Loomis
November 12, 2008, 10:53 PM
Yeah, so take your cast iron cannon, and build a scale model. Scale it down to, say, a 45 caliber smoothbore. Then make the bore a kinda loose to bring down chamber pressures. Make it short too.

TADA!

Cast iron handgun.

zxcvbob
November 12, 2008, 11:06 PM
I don't suppose we could get one of them to post the plans......
(Administrators, as poor a one as it may seem, that was a joke!!)

You realize that building your own gun is legal in the US? You don't even need any kind of license unless it's a MG or other NFA weapon. (Some designs would be best stayed away from, like anything that fires from an open bolt...)

Cast iron is just plain brittle -- it works in a black-powder cannon since the barrel can be thick and BP tends to give a lower pressure curve than smokeless.

Not all cast iron is brittle. Look up "ductile iron" or "nodular cast iron"

zxcvbob
November 12, 2008, 11:10 PM
Does the gun in the picture even have a trigger, or does the shooter just thumb the hammers?

matt87
November 12, 2008, 11:11 PM
I'm not saying it's not feasible with an appropriately designed gun, but either these guns have steel barrels or I wouldn't be the first in line at the range...

BHP FAN
November 12, 2008, 11:16 PM
the silenced pistol seems to be a Welrod.

PTK
November 12, 2008, 11:22 PM
And just think, in the USA modern tools (lathes, mills, grinders) that are electrically powered are all over the freaking place. Try to ban guns here and you'll see all manner of untraceable firearms like these, just better made and probably cheaper! :D

crazy-mp
November 12, 2008, 11:38 PM
When I send my 500 percent tax in should I figure man hours AND parts, or just the overall value?

Bench vise: 50 dollars

Hack saw: 10 dollars

Pipe: 12 dollars

Homemade gun: Priceless, till its sold $$:D

FLoppyTOE
November 13, 2008, 10:08 AM
I could seriously only stomach reading about paragraph and a half. That crap makes my blood boil.

mbt2001
November 13, 2008, 11:02 AM
Are you serious? Annual per capita income in India is less than a thousand bucks, while it's over $45,000 in the U.S. An $1800 car to the average Indian is like an $81,000 car to the average American.

uhhh

Do you think that has anything to do with anything? Because I have more money on average and everything is relative, I should have to pay more for a car?

That makes no sense... Thinking like that is what is killing American innovation and competitiveness.

Speedo66
November 13, 2008, 03:15 PM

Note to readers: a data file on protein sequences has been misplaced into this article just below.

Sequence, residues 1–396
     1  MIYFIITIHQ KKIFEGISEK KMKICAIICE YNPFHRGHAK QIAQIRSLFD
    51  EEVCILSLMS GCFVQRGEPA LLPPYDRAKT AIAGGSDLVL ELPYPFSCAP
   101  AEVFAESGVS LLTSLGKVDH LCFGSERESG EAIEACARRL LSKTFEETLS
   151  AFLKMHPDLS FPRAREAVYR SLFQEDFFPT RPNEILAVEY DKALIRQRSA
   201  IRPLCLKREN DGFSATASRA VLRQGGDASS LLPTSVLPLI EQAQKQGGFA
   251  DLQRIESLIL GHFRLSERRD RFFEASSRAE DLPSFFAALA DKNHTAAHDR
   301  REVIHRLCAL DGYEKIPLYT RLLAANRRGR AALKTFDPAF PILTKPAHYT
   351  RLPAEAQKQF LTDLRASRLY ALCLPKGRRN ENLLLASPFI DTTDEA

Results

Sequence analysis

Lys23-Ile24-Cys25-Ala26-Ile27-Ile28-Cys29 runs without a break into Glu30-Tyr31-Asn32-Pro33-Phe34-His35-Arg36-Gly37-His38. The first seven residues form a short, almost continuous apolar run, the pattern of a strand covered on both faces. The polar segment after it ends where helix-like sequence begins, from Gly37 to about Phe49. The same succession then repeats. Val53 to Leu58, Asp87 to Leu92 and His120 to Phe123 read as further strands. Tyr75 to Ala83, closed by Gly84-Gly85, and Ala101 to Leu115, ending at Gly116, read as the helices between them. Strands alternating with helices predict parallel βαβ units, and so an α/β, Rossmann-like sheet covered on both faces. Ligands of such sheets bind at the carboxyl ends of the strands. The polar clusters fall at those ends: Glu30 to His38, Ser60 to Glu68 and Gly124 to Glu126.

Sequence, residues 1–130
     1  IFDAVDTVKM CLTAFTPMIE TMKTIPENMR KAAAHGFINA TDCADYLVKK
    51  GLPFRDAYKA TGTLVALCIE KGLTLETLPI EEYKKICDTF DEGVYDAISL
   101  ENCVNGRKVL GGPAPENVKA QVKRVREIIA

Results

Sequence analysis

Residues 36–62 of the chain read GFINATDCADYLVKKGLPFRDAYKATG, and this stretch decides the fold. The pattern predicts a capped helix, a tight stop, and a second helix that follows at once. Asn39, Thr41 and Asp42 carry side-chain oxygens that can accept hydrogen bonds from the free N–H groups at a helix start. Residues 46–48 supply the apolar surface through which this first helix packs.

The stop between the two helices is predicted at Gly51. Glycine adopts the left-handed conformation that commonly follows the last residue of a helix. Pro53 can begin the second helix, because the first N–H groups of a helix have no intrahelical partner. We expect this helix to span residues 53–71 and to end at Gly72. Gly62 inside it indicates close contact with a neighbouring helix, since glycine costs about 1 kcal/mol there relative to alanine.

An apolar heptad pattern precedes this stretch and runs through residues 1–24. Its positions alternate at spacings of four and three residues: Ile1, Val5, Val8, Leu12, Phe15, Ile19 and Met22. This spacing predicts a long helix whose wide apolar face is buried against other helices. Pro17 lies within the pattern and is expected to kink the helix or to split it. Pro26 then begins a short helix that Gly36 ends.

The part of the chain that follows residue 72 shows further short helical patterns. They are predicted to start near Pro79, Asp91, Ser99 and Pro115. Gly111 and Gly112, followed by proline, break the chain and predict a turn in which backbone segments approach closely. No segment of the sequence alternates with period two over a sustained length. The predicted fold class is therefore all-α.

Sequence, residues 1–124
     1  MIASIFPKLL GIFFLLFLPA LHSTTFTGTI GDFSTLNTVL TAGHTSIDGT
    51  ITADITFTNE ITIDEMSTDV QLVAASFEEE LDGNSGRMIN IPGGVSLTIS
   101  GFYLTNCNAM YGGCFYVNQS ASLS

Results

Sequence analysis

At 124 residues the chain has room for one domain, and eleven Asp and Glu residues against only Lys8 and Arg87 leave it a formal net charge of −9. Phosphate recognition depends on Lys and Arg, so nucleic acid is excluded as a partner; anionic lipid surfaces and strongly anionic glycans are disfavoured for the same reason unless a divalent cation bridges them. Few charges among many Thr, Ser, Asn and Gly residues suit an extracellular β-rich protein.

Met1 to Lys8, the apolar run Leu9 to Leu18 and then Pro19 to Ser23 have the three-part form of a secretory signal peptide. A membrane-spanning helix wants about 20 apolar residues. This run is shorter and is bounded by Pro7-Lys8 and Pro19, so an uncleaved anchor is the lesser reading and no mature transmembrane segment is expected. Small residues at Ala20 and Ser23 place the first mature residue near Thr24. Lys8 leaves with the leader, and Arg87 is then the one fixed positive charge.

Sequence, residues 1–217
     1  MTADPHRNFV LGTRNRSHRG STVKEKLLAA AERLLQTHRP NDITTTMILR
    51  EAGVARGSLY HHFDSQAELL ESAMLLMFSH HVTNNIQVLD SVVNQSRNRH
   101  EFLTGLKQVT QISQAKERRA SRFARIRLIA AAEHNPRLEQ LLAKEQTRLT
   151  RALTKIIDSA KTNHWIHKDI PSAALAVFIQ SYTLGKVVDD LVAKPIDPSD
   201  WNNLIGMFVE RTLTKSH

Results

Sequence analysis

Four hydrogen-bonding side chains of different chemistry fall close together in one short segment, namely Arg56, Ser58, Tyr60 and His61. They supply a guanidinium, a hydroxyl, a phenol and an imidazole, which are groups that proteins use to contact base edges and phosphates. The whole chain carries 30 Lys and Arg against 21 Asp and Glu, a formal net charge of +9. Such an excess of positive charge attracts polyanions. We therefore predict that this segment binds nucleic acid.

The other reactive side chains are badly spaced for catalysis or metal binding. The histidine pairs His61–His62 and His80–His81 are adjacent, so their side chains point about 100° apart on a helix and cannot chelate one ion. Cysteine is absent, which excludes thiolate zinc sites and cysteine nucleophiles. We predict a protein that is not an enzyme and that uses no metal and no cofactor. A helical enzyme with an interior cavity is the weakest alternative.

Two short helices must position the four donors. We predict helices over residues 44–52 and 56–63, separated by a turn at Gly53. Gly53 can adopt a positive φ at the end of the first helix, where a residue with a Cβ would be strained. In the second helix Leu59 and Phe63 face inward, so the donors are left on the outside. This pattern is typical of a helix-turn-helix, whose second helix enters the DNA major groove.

"Do you realize it's legal to build your own gun in the US"?

Yes, but for most people, once you built it, it would be illegal to possess due to local laws.

PTK
November 13, 2008, 05:19 PM
Yes, but for most people, once you built it, it would be illegal to possess due to local laws.

Anywhere gun registration isn't required, a rifled pistol would be perfectly legal. You just have to obey all state and Federal laws - mostly, just follow the NFA and you're good.

Now and then just for fun I make a 20" barreled pull-release fire shotgun out of pipe and a 2"x4". :D

kurtmax
November 13, 2008, 05:28 PM
I don't suppose we could get one of them to post the plans......

(Administrators, as poor a one as it may seem, that was a joke!!)

It's not illegal to make your own guns in the US...

RPCVYemen
November 13, 2008, 05:42 PM
Actually, what the article doesn't tell you is what the per capita income in Ghana. If it's $1500, that $30 bucks a week. That would mean that a $10 gun is about a 1/3 of a week's pay.

I have guns that cost me less than a 1/3 of a week's pay. If you make $50,000 year, that's like spending $300 on a gun.

Given that (in general) in Africa income is very unevenly distributed - many countries have a few rich and a vast number of poor (with no significant middle class), $10 could well be a week's wages for an average Ghanaian.

The guns may be "cheap" by US standards, but not so cheap in Ghana.

Mike

Shear_stress
November 13, 2008, 06:12 PM
uhhh

Do you think that has anything to do with anything? Because I have more money on average and everything is relative, I should have to pay more for a car?

That makes no sense... Thinking like that is what is killing American innovation and competitiveness.


What exactly is your point? Are you surprised that things are cheaper in countries with dirt cheap labor and low standards of living?

American innovation and competitiveness is what gives us the means to afford the things we do and makes it more expensive to do business here than in developing countries. It's basic economics, not some conspiracy to make you spend more money. Do you think that same car would be $1800 if shipped and sold in the U.S. and brought up to our standards of performance, luxury, safety, and reliability?

To return to the thread, as has been pointed out, $10 guns are cheap by our standards, but still cost a bit in the market's they're sold in.

JImbothefiveth
November 13, 2008, 07:21 PM
There are still starving kids somewhere in Africa... with no guns
Actually, that's a good argument: if they had guns, poor rural farmers could still get food.(They did in America for over 100 years)

mbt2001
November 14, 2008, 05:59 PM
What exactly is your point? Are you surprised that things are cheaper in countries with dirt cheap labor and low standards of living?

American innovation and competitiveness is what gives us the means to afford the things we do and makes it more expensive to do business here than in developing countries. It's basic economics, not some conspiracy to make you spend more money. Do you think that same car would be $1800 if shipped and sold in the U.S. and brought up to our standards of performance, luxury, safety, and reliability?

Yes... I am surprised, that is the point. We are being inundated with "cheap" crap from China / India. We are manufacturing stuff over there. It is a conspiracy that laptops built on outsourcing contracts sell for $200 in India and blooming $1,200 here... That is what is happening! Shoes, same story, clothes, same story, frying pans, tea kettles, EVERYTHING... They are sold in local markets for less, shipped over here and sold at 300% profit rates. There are some costs associated with it, advertising, compliance, importation, but trust me it isn't fair.

Why do you think it is "profitable" to outsource?